I also began seeing remnants of Norwegian-American architecture belonging to other families just sitting in plain sight…
NW Houston County
My scavenger hunt through the valley made me feel as if my architectural hunches were being validated as reality, like I wasn’t just imagining cultural evidence in our landscape, it was really there. These findings were very important to me because they signified that I could go back home and study the landscape and use it as research to start informing my design work in the future.
Oak Ridge Church
How do you see the buildings in your rural community? What do they look like? What should they look like? How do they make you feel? Help Miranda collect more information to inform her future rural architectural design work by participating in this short survey!
Architecture in Rural Places Survey >> https://www.surveymonkey.com/r/6CHRFHB
Is this what happens when you grow up rural? If not when we’re young, does it present as we age? What about these places make us feel this intense relationship to our Midwestern upbringings and how do we physically characterize a sense of place?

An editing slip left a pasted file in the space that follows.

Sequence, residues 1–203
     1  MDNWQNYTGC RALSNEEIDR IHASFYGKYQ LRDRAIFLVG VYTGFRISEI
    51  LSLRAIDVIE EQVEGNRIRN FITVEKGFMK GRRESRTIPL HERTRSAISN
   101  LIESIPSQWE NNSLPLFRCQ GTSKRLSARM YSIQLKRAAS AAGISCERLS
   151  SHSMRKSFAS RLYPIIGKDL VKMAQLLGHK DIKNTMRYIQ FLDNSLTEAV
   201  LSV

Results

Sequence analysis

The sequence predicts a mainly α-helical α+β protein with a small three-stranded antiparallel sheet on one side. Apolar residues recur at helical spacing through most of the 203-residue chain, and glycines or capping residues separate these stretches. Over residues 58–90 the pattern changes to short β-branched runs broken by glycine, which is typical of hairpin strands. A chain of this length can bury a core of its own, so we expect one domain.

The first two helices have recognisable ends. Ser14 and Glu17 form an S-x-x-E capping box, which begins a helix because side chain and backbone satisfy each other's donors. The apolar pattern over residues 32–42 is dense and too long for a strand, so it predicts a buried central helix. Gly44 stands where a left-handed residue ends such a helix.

This is a question I love to explore in my architectural research and residency was the perfect outlet for this investigation. When I grew up, the hints of my ancestor’s lives were hidden in the details of a barn, the life-cycle of materiality in my surroundings, and was expressed in how weather interacted with everything around me. (Can you tell I grew up surrounded by farmland?)
During my Community Workshop, we were lucky enough to explore an 1878 Norwegian-American home in Houston which belonged to the family of Bryan Forsyth. I am still amazed that this opportunity opened up to us and Bryan was instrumental in the events success, opening his family home up to twenty people to soak up and explore its history. For me, this was such a great invitation to receive: to step into Bryan’s personal history and, through the exploration, begin to weave together the lives of his ancestors that built the home. We studied the architecture, yes, but more importantly we discussed what it meant to him and how it evolved over time.